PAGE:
Wedding gowns consist of elegant fabrics and intricate designs, which makes them extremely beautiful, yet difficult to alter. Our Expert Tailors and Seamstresses have put together a few tips help brides better understand their gown and how it is altered.
Be sure your gown is cared for by an experienced seamstress who specializes in the intricacies of wedding gowns and formal evening wear.
Adjusting the Length
The hem refers to the finishing edge of your gown. Adjustments to the length of a gown are done by modifying the hem. The length of a gown plays a big part keeping the hem clean and preventing brides from tripping over their gown.
The hem should be about a half inch from the floor. This adjustment can be made in a number of ways.
A hem should be adjusted by cutting and sewing the bottom of a gown unless the gown has details, such as beading or lace, along the hem. In this case the adjustments should be made at the waist.
If the gown does not have a separation at the waist ( like the Gown below) then the length adjustment will have to be performed by removing the design along the hem and replacing it once the length is properly adjusted.
The bustle is sewn in after the hem is done. The bustle is designed to pin up the train after the wedding ceremony so the bride can walk around and dance comfortably during the reception. There are different types of bustles that work better with different dress designs. However, the two most popular are the French Bustle and the Traditional Bustle.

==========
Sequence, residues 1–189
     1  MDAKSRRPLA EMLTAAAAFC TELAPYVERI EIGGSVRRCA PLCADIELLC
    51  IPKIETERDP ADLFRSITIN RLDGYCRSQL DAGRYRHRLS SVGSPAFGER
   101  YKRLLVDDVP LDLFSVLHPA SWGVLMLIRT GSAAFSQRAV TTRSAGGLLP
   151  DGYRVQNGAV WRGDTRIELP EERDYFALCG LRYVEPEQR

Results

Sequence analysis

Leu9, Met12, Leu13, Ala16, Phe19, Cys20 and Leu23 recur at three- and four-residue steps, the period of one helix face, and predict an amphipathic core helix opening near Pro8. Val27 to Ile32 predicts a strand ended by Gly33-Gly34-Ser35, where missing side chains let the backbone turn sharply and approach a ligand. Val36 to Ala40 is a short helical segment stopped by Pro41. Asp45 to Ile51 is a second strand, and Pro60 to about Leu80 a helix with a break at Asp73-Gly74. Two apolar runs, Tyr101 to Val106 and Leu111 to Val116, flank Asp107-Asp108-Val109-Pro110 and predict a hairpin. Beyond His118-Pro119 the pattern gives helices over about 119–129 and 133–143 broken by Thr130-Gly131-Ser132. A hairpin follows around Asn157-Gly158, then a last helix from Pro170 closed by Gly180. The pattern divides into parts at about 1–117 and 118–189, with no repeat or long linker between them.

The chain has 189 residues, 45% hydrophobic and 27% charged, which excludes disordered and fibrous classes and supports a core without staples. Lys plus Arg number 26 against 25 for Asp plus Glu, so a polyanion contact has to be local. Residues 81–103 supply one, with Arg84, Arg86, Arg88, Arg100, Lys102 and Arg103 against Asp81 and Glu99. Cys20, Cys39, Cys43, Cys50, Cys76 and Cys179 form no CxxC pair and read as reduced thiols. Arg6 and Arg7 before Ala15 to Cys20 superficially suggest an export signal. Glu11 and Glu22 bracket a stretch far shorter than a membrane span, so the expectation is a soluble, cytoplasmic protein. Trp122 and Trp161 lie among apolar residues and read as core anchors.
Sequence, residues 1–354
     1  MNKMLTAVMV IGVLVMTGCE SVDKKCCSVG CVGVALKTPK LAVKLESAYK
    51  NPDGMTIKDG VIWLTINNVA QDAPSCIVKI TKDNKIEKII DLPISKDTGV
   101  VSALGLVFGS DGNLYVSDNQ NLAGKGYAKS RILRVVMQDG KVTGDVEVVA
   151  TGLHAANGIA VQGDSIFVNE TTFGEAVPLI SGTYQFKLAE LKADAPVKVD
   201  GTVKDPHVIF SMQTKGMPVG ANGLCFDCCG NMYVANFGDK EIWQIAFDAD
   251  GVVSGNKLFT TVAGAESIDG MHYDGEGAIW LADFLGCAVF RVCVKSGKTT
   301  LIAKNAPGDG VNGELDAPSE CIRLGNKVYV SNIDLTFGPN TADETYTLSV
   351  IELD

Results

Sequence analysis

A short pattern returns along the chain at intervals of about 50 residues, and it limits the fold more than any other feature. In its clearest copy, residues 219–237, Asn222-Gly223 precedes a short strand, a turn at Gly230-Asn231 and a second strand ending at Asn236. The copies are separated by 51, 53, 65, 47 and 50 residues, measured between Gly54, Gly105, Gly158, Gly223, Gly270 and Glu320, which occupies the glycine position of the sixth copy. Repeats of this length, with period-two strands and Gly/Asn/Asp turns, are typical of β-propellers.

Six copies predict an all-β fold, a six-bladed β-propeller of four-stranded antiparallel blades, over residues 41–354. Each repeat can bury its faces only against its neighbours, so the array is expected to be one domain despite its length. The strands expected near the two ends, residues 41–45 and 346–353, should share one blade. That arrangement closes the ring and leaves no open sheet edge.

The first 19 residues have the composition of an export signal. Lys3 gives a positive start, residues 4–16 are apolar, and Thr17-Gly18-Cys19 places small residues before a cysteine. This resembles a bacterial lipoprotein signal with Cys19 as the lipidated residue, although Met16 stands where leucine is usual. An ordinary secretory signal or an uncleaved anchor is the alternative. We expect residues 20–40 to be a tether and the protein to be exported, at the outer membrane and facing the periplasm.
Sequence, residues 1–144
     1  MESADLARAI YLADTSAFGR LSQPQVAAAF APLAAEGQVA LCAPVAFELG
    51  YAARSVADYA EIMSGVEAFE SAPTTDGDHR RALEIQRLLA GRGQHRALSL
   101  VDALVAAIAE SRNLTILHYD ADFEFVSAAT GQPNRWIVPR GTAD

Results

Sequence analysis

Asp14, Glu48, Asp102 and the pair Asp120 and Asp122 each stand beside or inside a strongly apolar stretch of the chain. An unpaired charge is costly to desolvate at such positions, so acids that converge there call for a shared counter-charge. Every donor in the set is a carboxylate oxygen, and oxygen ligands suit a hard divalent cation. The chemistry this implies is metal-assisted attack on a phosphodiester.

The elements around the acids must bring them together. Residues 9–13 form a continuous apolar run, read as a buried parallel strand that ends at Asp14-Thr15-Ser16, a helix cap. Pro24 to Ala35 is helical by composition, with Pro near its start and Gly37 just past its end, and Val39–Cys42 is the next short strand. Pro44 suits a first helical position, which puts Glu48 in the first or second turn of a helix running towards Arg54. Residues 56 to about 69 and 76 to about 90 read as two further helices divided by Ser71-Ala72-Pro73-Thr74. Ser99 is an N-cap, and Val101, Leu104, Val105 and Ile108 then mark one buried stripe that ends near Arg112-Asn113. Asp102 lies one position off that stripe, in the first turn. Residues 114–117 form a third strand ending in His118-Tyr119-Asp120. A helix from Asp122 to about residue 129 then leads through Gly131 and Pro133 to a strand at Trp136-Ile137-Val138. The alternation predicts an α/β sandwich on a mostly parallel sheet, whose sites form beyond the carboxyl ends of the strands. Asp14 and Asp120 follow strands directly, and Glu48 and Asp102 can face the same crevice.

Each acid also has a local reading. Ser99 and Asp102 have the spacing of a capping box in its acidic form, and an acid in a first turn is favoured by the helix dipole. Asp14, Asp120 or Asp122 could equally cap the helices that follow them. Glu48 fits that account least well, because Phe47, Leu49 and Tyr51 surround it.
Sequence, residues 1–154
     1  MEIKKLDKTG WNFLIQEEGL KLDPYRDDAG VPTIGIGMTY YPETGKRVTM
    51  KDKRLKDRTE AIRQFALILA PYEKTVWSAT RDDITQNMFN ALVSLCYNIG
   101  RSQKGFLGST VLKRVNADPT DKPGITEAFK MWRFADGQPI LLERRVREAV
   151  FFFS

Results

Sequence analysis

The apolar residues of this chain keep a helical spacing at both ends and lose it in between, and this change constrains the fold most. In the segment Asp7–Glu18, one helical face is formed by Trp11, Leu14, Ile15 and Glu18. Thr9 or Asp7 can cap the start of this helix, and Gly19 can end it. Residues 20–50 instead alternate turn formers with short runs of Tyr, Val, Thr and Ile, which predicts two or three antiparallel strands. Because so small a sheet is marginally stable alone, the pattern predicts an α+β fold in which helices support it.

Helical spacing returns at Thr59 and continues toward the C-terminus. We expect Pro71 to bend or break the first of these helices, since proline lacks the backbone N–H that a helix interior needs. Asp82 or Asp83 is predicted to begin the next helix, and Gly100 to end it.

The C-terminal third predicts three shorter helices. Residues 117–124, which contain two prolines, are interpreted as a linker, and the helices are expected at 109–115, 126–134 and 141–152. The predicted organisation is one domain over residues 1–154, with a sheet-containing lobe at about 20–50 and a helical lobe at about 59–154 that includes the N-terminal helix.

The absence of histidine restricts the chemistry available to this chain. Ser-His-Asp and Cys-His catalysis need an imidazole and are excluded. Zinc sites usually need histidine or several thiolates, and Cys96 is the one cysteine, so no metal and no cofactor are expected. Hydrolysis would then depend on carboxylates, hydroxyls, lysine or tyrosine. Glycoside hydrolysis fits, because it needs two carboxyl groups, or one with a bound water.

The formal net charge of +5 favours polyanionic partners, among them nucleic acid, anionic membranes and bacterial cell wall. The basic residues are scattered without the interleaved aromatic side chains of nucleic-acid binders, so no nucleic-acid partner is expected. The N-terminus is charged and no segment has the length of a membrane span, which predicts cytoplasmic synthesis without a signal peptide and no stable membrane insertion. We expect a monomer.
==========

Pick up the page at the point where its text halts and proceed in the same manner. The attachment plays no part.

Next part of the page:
Adjusting the sizing
Take-ins and Let-outs
In general it is easier to take a gown in a few sizes than it is to let it out. Most gowns can be taken in up to 3 sizes, however, when it comes to letting a gown out the range changes from 0 to 2 sizes.
Size adjustments to a gown can be made wherever there is a seam. If the gown has a design along any of the seams than the sizing adjustments should be done on the sides with the least amount of embellishments. Otherwise the prominent parts of the design will become distorted.
Design distortion Take-in (image below): The Design is too close together and disproportionate to the rest of the design.
Design Distortion Let-out (image below): The design is missing in sections due to the let-out being done in areas with stitching.
To avoid distortion or if there is beading or lace along the that covers the seam (like in the image below), the seamstress must removed the details in order to perform the alterations. Once the size adjustment is complete the beads are sewn back onto the gown in the same exact pattern as the original.
Some gowns that zip in the back can be let out by replacing the zipper with a lace back, which allows for more room.
Alterations that are done on dresses with layers require considerably more work. For example, to take in a gown with layers requires a seamstress to taken in each layer individually. The same goes for shortening gowns; when shortening a gown with layers, each layer must be shortened individually.